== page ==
Mesos High Availability Cluster
Apache Mesos is a high availability cluster operating system as it has several masters, with one Leader. The other (standby) masters serve as backup in case the leader master fails. Zookeeper elects the master nodes and handles the failures.
Mesos is framework independent and can intelligently schedule and run Spark, Hadoop, and other frameworks concurrently on the same cluster.
Before diving deep into how fault tolerance streaming workflows can be created with Apache Mesos, we will have a quick overview of Spark and Spark Streaming.
Spark powers a stack of frameworks including Spark SQL, MLlib for machine learning, GraphX, and Spark Streaming. You can combine these libraries seamlessly in the same application.
Resilient Distributed Datasets (RDDs) are a Big collection of data which are Immutable (can’t be changed once created), Distributed (across the custer),Lazily evaluated (won’t do anything unless action is triggered.), Type Inferred (the compiler will figure out the object type), Cacheable (can load whole dataset into memory).
Many big-data applications viz., monitoring systems, alert systems, computing systems to name a few, need to process large data streams in near-real time. Spark Streaming can process large chunks of data, runs streaming computation as a series of small, batch jobs. In Spark Streaming, the incoming data is split into small batches of time interval (200ms by default) and Spark treats each batch data as a RDD and processes them using RDD operation, which are returned in batches after processing.
Spark Streaming over a HA Mesos Cluster
To use Mesos from Spark, you need a Spark binary package available in a place accessible (http/s3/hdfs) by Mesos, and a Spark driver program configured to connect to Mesos.
Configuring the driver program to connect to Mesos,
val sconf = new SparkConf()
val sc = new SparkContext(sconf)
val ssc = new StreamingContext(sc, Seconds(1))
Failure in simple streaming pipeline
With a simple spark streaming pipeline as shown in the figure, there are certain failure scenarios that may occur. By default, Kafka and HDFS are configured in high-availability mode, we will be focusing on Spark streaming fault tolerance.
Real-time stream processing systems must be operational 24/7, which requires them to recover from all kinds of failures in the system.
- Spark and its RDD abstraction is designed to seamlessly handle failures of any worker nodes in the cluster
- In Streaming, driver failure can be recovered with checkpointing application state.
- Write Ahead Logs (WAL) & Acknowledgements can ensure zero data loss
This image on right represents the processing of the received data in a fault tolerant system. When a Spark Streaming application starts (i.e., the driver starts), the associated StreamingContext (starting point of all streaming functionality) uses the SparkContext to launch Receivers as long running tasks, the receivers receive data from source systems like Kafka, flume etc These Receivers receive and buffers the streaming data into executors memory for processing.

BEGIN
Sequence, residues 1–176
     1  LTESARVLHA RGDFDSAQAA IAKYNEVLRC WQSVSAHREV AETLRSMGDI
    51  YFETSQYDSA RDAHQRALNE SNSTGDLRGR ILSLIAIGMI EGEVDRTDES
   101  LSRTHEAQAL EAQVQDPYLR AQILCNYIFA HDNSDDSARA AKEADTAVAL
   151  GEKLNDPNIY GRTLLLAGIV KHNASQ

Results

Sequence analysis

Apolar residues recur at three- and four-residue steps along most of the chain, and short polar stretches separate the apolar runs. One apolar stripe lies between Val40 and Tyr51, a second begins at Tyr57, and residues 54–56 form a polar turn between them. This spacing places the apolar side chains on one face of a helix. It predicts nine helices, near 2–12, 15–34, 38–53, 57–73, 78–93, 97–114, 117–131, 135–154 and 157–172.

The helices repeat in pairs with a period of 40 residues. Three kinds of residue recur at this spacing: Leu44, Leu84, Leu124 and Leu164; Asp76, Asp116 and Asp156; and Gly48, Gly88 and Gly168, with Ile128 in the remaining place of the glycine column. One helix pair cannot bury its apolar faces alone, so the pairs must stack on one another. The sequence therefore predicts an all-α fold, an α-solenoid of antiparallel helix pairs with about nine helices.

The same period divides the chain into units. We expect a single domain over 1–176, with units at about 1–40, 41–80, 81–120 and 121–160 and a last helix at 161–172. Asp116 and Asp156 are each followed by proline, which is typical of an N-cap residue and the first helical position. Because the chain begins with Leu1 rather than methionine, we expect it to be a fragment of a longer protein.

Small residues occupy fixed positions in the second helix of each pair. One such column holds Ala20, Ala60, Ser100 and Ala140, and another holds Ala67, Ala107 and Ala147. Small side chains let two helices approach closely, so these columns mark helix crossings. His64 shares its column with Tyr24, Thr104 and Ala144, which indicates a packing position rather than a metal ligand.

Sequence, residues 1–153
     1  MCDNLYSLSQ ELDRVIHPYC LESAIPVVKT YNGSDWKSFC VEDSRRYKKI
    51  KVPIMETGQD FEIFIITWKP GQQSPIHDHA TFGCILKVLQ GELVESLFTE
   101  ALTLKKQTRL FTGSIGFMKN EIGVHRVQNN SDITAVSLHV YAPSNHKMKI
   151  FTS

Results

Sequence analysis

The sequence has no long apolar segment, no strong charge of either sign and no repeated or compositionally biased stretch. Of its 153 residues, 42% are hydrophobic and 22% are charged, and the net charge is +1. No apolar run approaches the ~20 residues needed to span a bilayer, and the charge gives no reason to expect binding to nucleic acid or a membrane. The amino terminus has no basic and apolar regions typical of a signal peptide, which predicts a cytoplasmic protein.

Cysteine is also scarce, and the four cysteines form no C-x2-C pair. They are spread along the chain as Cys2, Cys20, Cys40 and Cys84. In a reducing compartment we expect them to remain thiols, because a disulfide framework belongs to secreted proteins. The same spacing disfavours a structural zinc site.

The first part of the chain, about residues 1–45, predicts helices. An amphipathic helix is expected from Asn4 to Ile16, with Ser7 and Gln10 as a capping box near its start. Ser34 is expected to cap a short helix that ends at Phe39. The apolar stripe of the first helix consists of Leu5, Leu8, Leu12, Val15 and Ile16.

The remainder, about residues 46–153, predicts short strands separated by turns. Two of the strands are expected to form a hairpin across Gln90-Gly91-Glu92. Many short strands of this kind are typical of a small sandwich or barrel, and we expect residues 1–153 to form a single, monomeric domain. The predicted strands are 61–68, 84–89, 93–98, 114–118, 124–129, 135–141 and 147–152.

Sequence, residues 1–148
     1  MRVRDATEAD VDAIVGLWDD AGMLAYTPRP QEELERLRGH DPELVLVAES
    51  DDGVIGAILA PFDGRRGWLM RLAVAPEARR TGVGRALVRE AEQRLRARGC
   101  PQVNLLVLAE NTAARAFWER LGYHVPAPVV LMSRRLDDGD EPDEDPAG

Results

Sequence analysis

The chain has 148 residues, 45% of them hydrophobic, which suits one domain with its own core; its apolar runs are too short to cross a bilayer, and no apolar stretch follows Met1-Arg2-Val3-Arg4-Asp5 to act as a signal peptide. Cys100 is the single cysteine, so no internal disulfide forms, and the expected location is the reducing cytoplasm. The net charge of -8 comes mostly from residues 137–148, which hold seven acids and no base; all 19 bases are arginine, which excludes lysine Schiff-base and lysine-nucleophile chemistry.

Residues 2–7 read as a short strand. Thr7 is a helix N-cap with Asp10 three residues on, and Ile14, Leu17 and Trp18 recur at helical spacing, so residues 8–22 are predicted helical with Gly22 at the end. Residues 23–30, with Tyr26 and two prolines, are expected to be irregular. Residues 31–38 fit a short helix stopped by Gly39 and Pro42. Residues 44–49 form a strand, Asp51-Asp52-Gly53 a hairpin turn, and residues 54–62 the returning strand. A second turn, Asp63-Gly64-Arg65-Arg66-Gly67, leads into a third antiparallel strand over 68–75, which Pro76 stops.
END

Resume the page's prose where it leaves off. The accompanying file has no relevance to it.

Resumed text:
In this fault tolerant file system the streaming data is checkpointed to another set of files periodically.
To ensure fault tolerance, when the failed driver restarts, the checkpointed data along with data from WAL is used to restart the driver, receivers and the contexts.
Simple Fault-tolerant Streaming Infra
Spark Streaming cluster and storage system are placed in Mesos cluster but the source systems like Kafka are out of the Mesos as the source can be from anywhere. So by having the Spark streaming in Mesos, even if a driver fails, there are standby drivers which takes care of the streaming process and thereby ensures fault tolerance.
Goal: Receive & process data at 1M events/sec
Understanding the bottlenecks:
- Network : 1Gbps
- # Cores/Slave : 4
- DISK IO : 100MB/S on SSD
Choosing the correct # Resources
- Since single slave can handle up to 100MB/S network and disk IO, a minimum of 6 slaves could take me to ~600MB/S
Scaling the pipeline
One way to obtain high throughput is to launch more receivers on machines, and it will let you consume more data at once. There are other techniques like, setting up custom add-ons on top of mesos like Marathon to throw more machines (scale up and down the cluster automatically). Before scaling any pipeline, one should always know their goals and the limitations on the available resources. So in a basic data-center all machines these days are equipped with around 4 cores of CPU, 1Gbit network card, and 100MB/S SSD Storage, if you say you want to process around 1Million events per second (600bytes each), then you will be needing like a minimum of 6 machines to get to that scale, since each of the machines can handle around 100MB/S in terms of network and DISK I/O.
About the Author
Akhil was a Software Developer at Sigmoid focuses on distributed computing, big data analytics, scaling and optimising performance.